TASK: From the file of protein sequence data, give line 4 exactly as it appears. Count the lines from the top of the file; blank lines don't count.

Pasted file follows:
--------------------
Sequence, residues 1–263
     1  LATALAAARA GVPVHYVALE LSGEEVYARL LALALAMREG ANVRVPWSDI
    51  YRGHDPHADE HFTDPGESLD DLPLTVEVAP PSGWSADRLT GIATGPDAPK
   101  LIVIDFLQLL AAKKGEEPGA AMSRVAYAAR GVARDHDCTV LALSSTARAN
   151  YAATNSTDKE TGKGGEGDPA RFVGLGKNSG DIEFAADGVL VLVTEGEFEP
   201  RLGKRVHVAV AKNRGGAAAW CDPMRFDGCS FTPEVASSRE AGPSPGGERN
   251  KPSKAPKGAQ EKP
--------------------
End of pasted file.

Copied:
   101  LIVIDFLQLL AAKKGEEPGA AMSRVAYAAR GVARDHDCTV LALSSTARAN